The Effect of 30-Second Sprints During Prolonged Exercise on Gross Efficiency, Electromyography, and Pedaling Technique in Elite Cyclists
Journal article, Peer reviewed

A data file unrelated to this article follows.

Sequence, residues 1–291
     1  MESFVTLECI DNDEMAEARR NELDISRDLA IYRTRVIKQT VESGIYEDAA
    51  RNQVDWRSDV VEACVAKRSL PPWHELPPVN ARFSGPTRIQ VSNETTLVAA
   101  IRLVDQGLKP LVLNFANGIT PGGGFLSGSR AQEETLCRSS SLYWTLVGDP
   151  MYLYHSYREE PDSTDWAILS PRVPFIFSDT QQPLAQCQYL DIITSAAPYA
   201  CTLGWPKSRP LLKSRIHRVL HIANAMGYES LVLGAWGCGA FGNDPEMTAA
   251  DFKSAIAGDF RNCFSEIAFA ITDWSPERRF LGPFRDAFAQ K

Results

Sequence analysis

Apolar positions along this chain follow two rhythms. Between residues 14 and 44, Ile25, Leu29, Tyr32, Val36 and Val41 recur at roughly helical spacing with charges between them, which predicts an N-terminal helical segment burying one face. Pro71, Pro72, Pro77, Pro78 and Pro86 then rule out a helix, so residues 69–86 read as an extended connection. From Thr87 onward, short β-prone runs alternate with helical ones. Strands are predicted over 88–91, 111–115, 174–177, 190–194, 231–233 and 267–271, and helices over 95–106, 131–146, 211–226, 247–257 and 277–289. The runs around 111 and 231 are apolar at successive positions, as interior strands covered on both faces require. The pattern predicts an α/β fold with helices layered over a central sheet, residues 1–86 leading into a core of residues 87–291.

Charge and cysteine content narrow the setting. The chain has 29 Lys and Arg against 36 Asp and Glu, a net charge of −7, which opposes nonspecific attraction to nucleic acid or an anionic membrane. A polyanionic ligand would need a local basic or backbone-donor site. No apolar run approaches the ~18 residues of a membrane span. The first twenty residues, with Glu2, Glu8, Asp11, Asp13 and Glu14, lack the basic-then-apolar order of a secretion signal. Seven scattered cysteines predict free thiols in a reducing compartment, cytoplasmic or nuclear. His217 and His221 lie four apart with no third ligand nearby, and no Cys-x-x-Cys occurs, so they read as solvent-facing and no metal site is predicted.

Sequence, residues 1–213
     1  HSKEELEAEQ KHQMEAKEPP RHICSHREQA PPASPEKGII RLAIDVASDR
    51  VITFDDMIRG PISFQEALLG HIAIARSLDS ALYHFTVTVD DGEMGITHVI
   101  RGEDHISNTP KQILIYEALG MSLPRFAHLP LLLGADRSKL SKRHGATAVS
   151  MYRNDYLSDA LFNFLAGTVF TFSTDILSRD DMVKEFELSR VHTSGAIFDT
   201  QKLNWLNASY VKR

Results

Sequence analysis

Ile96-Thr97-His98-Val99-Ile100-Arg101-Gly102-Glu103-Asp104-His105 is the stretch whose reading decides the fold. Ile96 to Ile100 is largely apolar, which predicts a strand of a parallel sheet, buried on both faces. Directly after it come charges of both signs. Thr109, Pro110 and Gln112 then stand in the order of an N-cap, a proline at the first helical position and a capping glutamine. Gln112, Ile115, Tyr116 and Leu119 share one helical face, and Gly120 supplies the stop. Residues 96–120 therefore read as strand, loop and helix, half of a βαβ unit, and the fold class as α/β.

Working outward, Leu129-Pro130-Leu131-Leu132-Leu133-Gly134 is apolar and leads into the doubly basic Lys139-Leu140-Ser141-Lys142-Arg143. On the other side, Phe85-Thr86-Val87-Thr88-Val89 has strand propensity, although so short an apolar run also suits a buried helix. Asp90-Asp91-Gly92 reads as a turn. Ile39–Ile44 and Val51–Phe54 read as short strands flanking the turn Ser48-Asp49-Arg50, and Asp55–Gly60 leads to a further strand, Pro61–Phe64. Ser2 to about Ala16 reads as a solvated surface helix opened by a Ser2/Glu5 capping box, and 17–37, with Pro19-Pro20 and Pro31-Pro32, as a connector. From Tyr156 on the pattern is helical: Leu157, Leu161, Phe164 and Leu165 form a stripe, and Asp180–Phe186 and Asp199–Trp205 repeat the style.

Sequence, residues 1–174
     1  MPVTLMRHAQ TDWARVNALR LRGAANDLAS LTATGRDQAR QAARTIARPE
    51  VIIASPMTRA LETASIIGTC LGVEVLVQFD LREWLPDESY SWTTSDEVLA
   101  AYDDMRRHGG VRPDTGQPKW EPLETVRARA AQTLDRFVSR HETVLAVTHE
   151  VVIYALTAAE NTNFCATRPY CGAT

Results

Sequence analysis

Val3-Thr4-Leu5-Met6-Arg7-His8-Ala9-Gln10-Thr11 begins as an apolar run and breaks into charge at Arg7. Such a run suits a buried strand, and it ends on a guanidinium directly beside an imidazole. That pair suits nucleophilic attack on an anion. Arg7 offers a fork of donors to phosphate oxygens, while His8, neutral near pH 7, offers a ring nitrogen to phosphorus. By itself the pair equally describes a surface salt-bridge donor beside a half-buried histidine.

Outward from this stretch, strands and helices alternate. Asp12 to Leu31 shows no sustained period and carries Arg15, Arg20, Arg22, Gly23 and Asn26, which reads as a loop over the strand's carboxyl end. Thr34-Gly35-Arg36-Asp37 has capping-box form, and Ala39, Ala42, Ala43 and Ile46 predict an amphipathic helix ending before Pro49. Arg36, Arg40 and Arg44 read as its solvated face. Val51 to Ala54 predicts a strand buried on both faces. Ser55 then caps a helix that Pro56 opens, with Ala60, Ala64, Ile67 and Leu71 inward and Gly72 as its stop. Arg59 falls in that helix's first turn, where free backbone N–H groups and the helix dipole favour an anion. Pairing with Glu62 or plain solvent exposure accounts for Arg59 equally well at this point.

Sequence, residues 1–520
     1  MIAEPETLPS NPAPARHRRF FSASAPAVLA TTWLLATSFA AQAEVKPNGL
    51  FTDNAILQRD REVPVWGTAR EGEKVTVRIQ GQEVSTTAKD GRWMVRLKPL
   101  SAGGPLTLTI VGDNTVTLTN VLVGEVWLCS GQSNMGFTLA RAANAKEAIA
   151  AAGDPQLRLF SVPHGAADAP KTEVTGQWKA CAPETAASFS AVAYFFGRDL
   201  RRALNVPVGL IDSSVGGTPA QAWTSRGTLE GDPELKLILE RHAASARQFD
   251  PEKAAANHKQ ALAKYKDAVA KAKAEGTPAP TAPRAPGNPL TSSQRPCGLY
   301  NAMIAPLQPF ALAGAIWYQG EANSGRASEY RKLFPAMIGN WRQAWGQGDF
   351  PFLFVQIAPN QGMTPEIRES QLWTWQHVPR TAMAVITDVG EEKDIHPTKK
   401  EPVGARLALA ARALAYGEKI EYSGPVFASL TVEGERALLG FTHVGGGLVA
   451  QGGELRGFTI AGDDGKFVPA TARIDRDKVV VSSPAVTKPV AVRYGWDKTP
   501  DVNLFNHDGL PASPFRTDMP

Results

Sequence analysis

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Background: Cycling competitions are often of long duration and include repeated high-intensity efforts. Purpose: To investigate the effect of repeated maximal sprints during 4 hours of low-intensity cycling on gross efficiency (GE), electromyography patterns, and pedaling technique compared with work-matched low-intensity cycling in elite cyclists. Methods: Twelve elite, male cyclists performed 4 hours of cycling at 50% of maximal oxygen uptake either with 3 sets of 3 × 30-second maximal sprints (E&S) during the first 3 hours or a work-matched cycling without sprints (E) in a randomized order. Oxygen uptake, electromyography, and pedaling technique were recorded throughout the exercises. Results: GE was reduced from start to the end of exercise in both conditions (E&S: 19.0 [0.2] vs 18.1 [0.2], E: 19.1% [0.2%] vs 18.1% [0.2%], both P = .001), with no difference in change between conditions (condition × time interaction, P = .8). Integrated electromyography increased from start to end of exercise in m. vastus lateralis and m. vastus medialis (m. vastus medialis: 9.9 [2.4], m. vastus lateralis: 8.5 [4.0] mV, main effect of time: P < .001 and P = .03, respectively) and E&S increased less than E in m. vastus medialis (mean difference −3.3 [1.5] mV, main effect of condition: P = .03, interaction, P = .06). The mechanical effectiveness only decreased in E&S (E&S: −2.2 [0.7], effect size = 0.24 vs E: −1.3 [0.8] percentage points: P = .04 and P = .8, respectively). The mean power output during each set of 3 × 30-second sprints in E&S did not differ (P = .6). Conclusions: GE decreases as a function of time during 4 hours of low-intensity cycling. However, the inclusion of maximal repeated sprinting does not affect the GE changes, and the ability to sprint is maintained throughout the entire session.